The ballroom scene targets young queer people of color and reaches them in a way that no other intervention does.
Photo by Ryker Allen
On Saturday, July 29, thousands of members of the LGBTQ community and their supporters gathered for the Latex Ball, a disco-infused night of glitter and glamour mixed with HIV activism. The Gay Men's Health Crisis (GMHC), a New York-based HIV/AIDS service organization, in collaboration with the city's house and ballroom scene, brought the house down while raising awareness for an important cause-- while also letting attendees strut their stuff on the catwalk for both the respect of their peers and to compete for prizes.
According to GMHC CEO Kelsey Louie, for nearly 30 years the Latex Ball has been an opportunity to combine the entertainment of a ball with HIV/AIDS prevention and education efforts.
"Not only is it a safe space for people to talk about things like safer sex practices and self-esteem but it also an opportunity to tap into the creativity and resiliency of young gay and bisexual men and trans people," Louie told VICE Impact.
According to the GMHC, they are the leading provider of HIV/AIDS care across the nation and serve upwards of 12,000 people in New York City who are either living with or affected by HIV and AIDS. At the ball there, about 20 community-based organizations such as the Ali Forney Center and Housing Works were present to offer contraceptives, health services and HIV-prevention materials. GMHC also provided free HIV-testing and counseling to people interested in taking part.
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Louie noted that although the number of new infections nationally has plateaued at about 40,000 people annually, certain demographics across the country have seen a spike in infections-- particularly black and Latino gay and bisexual men in the south.
According to the CDC, in 2015 Black men who have sex with men (MSM) led in the number of new HIV diagnoses at 10,315. The data from the CDC shows that the number of infections of young black MSM (ages 18-24) is still high, but the infection rate has declined since 2010. The same report shows a 24 percent increase in Latino men as well. This means prevention methods are working but more work must be done to reach the most vulnerable groups if the epidemic is to be curbed.
"It means that our intervention needs to shift to target these populations in addition to that we also know that there are certain geographical areas right now in the south where new HIV infections are on the rise and so across the country the new infections have remained steady but impacting different communities differently," Louie said.
"An opportunity to tap into the creativity and resiliency of young gay and bisexual men and trans people."
The ballroom scene has a long legacy in New York's nightlife culture. It was originated by queer people of color -- predominantly black and Latino gay and bisexual men and trans-women -- to showcase their fashion, creativity and art. The underground community gained national attention after the release of the 1990 documentary Paris is Burning, which featured voguing and lingo like "reading" and throwing shade for the first time.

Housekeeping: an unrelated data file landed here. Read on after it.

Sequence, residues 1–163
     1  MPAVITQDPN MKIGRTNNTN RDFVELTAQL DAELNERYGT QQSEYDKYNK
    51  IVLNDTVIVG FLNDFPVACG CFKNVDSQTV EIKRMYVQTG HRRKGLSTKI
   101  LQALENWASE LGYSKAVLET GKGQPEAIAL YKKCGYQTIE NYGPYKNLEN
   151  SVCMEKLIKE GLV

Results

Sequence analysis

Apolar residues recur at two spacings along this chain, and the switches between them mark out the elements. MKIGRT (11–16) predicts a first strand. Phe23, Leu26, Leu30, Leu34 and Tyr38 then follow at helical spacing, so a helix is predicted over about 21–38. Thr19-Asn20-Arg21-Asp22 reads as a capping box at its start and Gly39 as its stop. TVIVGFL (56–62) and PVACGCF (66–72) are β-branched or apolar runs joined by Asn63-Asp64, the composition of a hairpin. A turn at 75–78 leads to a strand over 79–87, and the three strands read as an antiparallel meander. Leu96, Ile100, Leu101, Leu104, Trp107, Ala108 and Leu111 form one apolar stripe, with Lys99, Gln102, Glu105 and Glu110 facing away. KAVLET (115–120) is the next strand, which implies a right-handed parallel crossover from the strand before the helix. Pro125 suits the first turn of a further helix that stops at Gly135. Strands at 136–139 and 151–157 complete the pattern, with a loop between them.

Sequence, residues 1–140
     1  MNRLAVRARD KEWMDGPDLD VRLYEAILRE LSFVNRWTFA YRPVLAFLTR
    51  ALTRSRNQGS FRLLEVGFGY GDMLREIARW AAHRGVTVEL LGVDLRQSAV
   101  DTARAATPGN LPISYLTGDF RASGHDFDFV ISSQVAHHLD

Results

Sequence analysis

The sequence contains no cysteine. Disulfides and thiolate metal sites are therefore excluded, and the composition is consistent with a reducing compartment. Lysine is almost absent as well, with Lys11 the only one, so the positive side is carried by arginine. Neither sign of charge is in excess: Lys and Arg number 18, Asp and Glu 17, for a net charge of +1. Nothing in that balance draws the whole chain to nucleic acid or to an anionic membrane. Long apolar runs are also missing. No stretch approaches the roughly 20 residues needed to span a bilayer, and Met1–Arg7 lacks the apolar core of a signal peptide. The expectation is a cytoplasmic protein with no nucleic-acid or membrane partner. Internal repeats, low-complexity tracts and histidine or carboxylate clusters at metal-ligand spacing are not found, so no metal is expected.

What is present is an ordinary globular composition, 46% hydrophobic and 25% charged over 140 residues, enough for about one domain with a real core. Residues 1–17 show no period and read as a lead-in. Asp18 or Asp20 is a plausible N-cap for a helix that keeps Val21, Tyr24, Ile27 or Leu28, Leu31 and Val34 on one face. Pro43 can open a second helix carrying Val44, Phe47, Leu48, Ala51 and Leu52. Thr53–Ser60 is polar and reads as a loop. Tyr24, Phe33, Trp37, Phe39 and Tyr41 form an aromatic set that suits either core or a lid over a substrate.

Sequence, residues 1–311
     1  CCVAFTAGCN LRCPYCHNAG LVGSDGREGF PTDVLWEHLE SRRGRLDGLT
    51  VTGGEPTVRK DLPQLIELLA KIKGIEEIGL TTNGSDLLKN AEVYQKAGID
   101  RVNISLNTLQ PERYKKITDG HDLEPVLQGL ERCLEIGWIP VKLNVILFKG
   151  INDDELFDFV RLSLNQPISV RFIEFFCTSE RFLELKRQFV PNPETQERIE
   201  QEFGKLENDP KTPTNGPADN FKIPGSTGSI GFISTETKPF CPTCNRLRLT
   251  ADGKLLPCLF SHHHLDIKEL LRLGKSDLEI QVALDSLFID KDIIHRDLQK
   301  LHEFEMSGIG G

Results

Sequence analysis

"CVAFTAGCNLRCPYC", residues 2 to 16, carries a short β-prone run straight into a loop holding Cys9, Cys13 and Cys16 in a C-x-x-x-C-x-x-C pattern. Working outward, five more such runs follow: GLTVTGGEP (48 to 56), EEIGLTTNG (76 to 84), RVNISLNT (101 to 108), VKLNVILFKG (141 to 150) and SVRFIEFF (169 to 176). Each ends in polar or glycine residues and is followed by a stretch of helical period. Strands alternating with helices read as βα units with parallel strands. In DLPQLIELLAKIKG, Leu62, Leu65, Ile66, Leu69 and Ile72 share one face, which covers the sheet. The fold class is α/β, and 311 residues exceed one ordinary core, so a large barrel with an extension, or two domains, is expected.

The community supports many LGBTQ youths who have been rejected by their families. Groups, known as houses, take the names of fashion designers or icons and act as surrogate families for displaced individuals and offer them a space to be themselves.
In 1989, during the peak of the HIV/AIDS epidemic, the GMHC and leaders from the house and ballroom scene developed several health-outreach initiatives called "The Latex Project." Luna Ortiz has been a part of the house and ballroom community for more than 25 years. He's the father of the House of Khan and now works for GMHC as a Community Health Specialist. He also helped organize the Latex Ball this year.
"With AIDS coming in the '80s, balls became even more important because we were able to comfort each other and celebrate each other in the midst of all of the madness of our friends dying," Ortiz told VICE Impact.
In describing the relationship between the house and ballroom culture and HIV/AIDS advocacy, Ortiz noted that activism and advocacy comes in different forms. "Ballroom is a form of activism in its own way," he said. "We are crossing gender lines and we're in your face."
"Balls became even more important because we were able to comfort each other and celebrate each other in the midst of all of the madness of our friends dying."
For those interested in participating but don't have access locally, GMHC is willing to provide information for to start a community of their own.
"We do a lot of technical assistance for different parts of our work," GMHC's Director of Community Relations Krishna Stone told VICE Impact. "[We] can explain how we do our balls to someone in the middle of Mississippi."
GMHC has several fundraising events for HIV/AIDS advocacy throughout the year, and push to end the epidemic is still going strong. If you're interested in supporting the of GMHC work here's how you can get involved .